The water source tank can be utilized by initially filling the holding tank 140 using a garden hose. In one embodiment, the holding tank 140 has a volumetric capacity of twelve (12) gallons and is filled by running water into the catch basin 142 located above the holding tank 140 and in fluid communication with the holding tank 140. The catch basin 142 includes a perimeter sufficiently sized to receive the water flowing out of the water tank 144. In one embodiment, the perimeter of the catch basin extends at least five (5) inches past the respective sidewalls of the water tank 144. A fluid level sensor 145 may be located in the holding tank 140 to determine when the holding tank 140 contains an appropriate amount of water for operation of the fire and water system 100. Once the water reaches a threshold level in the holding tank 140, the sensor 145 turns the garden hose off and any overfill may be released from drain tube coupled to the holding tank 140.

FIG. 4 shows a burner assembly 160 having the burner tube 120, the fitting assembly 162, and the burner conduit assembly 164. A bottom portion of the burner tube 120 is coupled to a fuel tube 166, which in turn may be coupled to a fuel line or fuel hose (FIG. 5). An upper portion of the burner tube 120 is coupled to the burner conduit assembly 164, for example with a setscrew 165. The burner tube 120 further includes a lower aperture 168 for receiving wiring 170 for a thermo-coupler 172 and an igniter 174 according to one embodiment of the invention. By way of example, the burner tube 120 may be a brass tube or aluminum tube, such as Prescott tube and the igniter 174 may be battery powered.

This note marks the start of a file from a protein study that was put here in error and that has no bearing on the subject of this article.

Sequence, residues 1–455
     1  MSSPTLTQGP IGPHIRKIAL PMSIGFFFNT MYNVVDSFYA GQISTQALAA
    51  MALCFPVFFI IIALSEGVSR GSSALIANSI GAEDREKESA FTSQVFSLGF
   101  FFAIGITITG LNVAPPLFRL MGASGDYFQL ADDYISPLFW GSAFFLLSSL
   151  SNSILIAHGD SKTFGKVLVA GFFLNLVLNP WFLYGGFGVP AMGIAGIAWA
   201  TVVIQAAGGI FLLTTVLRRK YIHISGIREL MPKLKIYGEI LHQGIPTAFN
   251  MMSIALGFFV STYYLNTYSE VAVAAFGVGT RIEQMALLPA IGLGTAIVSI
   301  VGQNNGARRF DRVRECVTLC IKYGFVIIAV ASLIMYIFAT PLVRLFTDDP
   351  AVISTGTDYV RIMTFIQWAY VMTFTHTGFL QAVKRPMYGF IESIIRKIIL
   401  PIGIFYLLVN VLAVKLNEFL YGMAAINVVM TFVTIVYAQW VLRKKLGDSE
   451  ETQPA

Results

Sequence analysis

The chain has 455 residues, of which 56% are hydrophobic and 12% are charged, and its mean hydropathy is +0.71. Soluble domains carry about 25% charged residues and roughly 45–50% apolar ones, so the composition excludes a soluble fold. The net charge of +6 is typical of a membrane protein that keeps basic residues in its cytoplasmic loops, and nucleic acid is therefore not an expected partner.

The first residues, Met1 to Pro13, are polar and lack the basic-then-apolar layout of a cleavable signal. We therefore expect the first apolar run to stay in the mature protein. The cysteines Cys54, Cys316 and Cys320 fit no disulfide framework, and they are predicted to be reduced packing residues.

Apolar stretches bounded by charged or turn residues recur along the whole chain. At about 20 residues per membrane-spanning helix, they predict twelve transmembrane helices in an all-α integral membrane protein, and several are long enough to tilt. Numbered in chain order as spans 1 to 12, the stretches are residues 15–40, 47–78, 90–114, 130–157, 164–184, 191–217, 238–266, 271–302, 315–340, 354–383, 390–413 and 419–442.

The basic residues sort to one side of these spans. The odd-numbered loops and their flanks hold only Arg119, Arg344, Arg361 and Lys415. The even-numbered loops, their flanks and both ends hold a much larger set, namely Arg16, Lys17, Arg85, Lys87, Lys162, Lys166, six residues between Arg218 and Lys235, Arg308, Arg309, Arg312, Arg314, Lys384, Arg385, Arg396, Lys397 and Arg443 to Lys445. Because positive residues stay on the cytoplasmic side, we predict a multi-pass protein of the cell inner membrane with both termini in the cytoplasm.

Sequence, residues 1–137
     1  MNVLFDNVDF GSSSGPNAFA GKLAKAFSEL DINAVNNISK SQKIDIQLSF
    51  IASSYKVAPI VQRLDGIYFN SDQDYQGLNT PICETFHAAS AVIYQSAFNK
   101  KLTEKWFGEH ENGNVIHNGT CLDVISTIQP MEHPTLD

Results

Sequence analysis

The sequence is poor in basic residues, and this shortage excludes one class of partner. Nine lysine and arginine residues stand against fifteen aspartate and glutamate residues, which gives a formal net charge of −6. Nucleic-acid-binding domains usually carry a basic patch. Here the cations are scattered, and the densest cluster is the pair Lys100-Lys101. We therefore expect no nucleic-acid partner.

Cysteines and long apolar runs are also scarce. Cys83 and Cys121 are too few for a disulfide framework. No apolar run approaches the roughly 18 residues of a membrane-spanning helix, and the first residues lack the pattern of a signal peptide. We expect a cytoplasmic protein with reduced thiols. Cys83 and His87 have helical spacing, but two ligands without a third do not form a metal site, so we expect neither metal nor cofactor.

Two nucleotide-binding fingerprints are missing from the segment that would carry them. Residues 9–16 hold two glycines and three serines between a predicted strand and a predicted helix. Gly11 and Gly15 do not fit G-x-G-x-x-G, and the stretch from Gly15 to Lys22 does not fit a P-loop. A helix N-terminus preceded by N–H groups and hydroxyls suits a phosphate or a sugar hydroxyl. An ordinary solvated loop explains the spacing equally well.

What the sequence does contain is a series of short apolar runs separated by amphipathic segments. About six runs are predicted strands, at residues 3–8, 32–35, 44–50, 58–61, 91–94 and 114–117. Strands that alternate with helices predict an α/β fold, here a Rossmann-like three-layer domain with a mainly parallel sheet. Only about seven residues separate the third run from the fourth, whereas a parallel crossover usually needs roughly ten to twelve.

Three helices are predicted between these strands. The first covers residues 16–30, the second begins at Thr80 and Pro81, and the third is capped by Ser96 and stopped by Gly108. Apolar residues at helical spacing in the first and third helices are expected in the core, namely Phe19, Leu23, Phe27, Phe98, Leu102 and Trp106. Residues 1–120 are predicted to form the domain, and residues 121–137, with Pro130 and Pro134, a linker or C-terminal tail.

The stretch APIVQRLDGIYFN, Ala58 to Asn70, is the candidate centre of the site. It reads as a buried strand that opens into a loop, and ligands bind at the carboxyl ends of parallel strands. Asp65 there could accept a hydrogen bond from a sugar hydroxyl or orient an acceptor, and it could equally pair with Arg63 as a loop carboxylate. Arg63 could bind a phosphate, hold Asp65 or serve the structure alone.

The fitting assembly 162 includes flange fittings 176, 178 that threadably engage external threads 180 formed on the burner tube 120. Gaskets 182 are positioned on opposing faces of the flange fittings 176, 178 to prevent water from the water tank 144 (FIG. 3) from leaking through the lower aperture 168. In one embodiment, the upper flange fitting 176 is welded 184 to the burner tube 120 and the lower flange fitting 178 is urged into tight contact with the catch basin 142 (FIG. 3) with a flange nut 186. In this process, the gaskets 182 are compressed to form tight seals with the burner tube 120, the catch basin 142 (FIG. 3), and the water tank 144 (FIG. 3), respectively.

The burner conduit assembly 164 receives and distributes combustible fuel (e.g., propane) from the burner tube 120. In one embodiment, the burner conduit assembly 164 takes the form of a fuel conduit or burner 188 with openings 190 to vent the combustible fuel toward the igniter 174. In a preferred embodiment, the burner 188 is configured and operates similar to the fuel conduits or tubes in a gas barbecue grill. The burner 188 and the openings 190 are shaped and arranged to create the fire 116 (FIG. 1).

Preferably, the burner assembly 160 encases portions of the igniter and thermo-coupler wires 170 and a portion of the fuel tube 166 to prevent water contact with these components. As described above, the water is kept out of the burner tube 120 by the fitting assembly 162. In one embodiment, the burner tube 120 may be raised or lowered relative to the burner 188 using the setscrew 165. The thermo coupler 172 is positioned near the burner 188 and measures the flame temperature. In one example of the invention, the thermo coupler 172 measures a flame temperature over a desired threshold temperature value the fire unit 106 (FIG. 1) remains operational. But once the flame temperature falls below the desired threshold temperature, the fire unit 106 (FIG. 1) automatically shuts off the fuel flow.